Two wills are one way to save a farm WEST COUNTY--Clarksville * Highland * Glenelg * Lisbon


Back in the 1690s, when Thomas Brown came to secure the wild area known to be the headwaters of the Patuxent River, he had only the elements, local wildlife and native inhabitants to worry about.

Lately, settlers of the area now known as Woodstock have grappled with adversaries Mr. Brown, known as the "Patuxent Ranger," could have scarcely imagined in what was then the wild west of Anne Arundel County.

Land planners, zoning attorneys and bulldozers are what frighten the local populace these days.

But the state has stepped in to stop development on the rolling 232-acre Brown farm known as Mount Pleasant. Mr. Brown's last direct descendant, Frances Brown, died last year.

Gov. William Donald Schaefer announced Friday that the state Board of Public Works has approved an arrangement deeding 105 acres to the state Department of Natural Resources and 127 acres to the Howard County Conservancy, a fledgling land-preservation group.

The conservancy, in turn, will sell 45 acres along Woodstock Road to the county for a neighborhood park, and use the $335,000 from that sale to create an endowment to help pay for preservation of the Brown property.

The entire property will be protected by a conservation easement to be held jointly by the conservancy and its statewide counterpart, the Maryland Environmental Trust.

The farm, which has two streams that feed the Patapsco River, is across the road from Waverly Woods II, a planned 682-acre development that will include condominiums, business parks, a shopping center and a golf course.

Area residents were bitterly opposed to the Waverly Woods II project but lost a yearlong zoning battle.

Half of the Brown farm was left to the public in the will of Frances Brown's sister, Ruth Brown, who died in August 1990.

"The history of Howard County is so embedded in farming that she wanted the farm to stay as a farm and be enjoyed for the beautiful place that it is," said Marguerite Walsh, daughter of one of Ruth Brown's cousins.

The key to fulfilling Ruth Brown's wishes was Frances Brown's will, written on the back of an envelope in 1976.

Frances Brown's will left the other half of the farm to Ruth. Frances had not changed her will after Ruth died because she was then living in a nursing home and was not competent to do so.

To protect the entire property, the sisters' executors were able to use the state's anti-lapse statute, which allows a person who is already dead to inherit property.

To spare the remaining heirs the possibility of paying federal inheritance tax on the property -- estimated to be worth more than $3 million -- the state, county and conservancy have set aside $1 million in case the Internal Revenue Service rules the gift to the public is not a charitable contribution.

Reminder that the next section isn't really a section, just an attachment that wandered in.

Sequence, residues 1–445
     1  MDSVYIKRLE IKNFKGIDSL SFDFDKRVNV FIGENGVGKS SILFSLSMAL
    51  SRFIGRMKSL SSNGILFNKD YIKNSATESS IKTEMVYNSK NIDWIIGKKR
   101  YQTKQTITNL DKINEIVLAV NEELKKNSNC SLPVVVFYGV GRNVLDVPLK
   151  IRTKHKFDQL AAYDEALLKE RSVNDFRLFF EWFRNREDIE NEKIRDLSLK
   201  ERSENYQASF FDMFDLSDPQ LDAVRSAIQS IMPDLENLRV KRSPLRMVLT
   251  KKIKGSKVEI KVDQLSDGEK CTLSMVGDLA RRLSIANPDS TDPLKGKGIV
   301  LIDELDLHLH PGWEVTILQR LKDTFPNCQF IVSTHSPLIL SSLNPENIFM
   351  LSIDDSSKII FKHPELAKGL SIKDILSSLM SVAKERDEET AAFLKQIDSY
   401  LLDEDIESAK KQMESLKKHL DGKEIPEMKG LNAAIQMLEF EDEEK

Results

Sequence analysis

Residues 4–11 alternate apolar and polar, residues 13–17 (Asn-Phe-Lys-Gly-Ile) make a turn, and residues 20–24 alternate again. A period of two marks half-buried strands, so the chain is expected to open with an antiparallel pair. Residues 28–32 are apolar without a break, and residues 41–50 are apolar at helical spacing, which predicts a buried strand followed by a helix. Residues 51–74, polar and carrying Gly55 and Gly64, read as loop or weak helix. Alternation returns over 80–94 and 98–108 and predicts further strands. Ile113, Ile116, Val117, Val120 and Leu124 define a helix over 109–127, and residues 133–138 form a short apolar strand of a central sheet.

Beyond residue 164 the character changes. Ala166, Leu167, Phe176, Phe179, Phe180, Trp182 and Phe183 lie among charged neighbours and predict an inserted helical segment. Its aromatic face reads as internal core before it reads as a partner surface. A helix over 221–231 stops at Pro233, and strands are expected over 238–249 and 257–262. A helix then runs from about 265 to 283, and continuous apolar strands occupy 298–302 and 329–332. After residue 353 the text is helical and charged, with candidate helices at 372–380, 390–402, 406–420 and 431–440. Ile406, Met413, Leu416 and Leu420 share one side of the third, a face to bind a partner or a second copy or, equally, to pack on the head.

The property includes a house built over the last 300 years around Thomas Brown's original home.

"What's now the dining room of the house is believed to be a log cabin constructed by the Patuxent Ranger in the late 1600s," said James Eacker, president of the Howard County Conservancy.

According to historical accounts, Mr. Brown was dispatched to the area by the governing council of Anne Arundel County "to survey the headwaters of the Patuxent and to keep an eye on the Indians and protect the settlers," Mr. Eacker said.

The ranger's great-grandson, Samuel, went off to fight the British as a lieutenant in Col. Charles Hammond's Elkridge Militia. Before the Revolutionary War was over, Samuel became a general. His son, John Riggs Brown, continued to defend the new nation in the War of 1812.

The front part of the house, which the conservancy will use as its office, was built in 1865 by John's son, Samuel, and his sons. Samuel, the grandfather of Ruth and Frances Brown, was elected to three consecutive terms as a Howard County commissioner.

During its first year of owning the property, the conservancy will work with the Department of Natural Resources to develop a master plan for the land.

Mr. Eacker said possibilities include converting the property into an 18th-century demonstration farm, reforesting parts of it and allowing it to continue as a tenant farm. The conservancy will also manage the state's portion of the property.

"The one thing that's absolutely clear is that the land will be protected in perpetuity," Mr. Eacker said.

Ruth and Frances Brown were county school teachers with 97 years of service between them. The two were avid researchers )) of history and were "great supporters of the county historical society," Ms. Walsh said.

"They also believed in land preservation and conservation and in just providing an opportunity for the children of the county to see what a working farm was and have it be of some benefit to the citizens of the county and to the state."

The sisters were especially proud of the gigantic tulip poplar tree in front of the house, which was designated a Bicentennial tree in 1976 because it was judged to be more than 200 years old.

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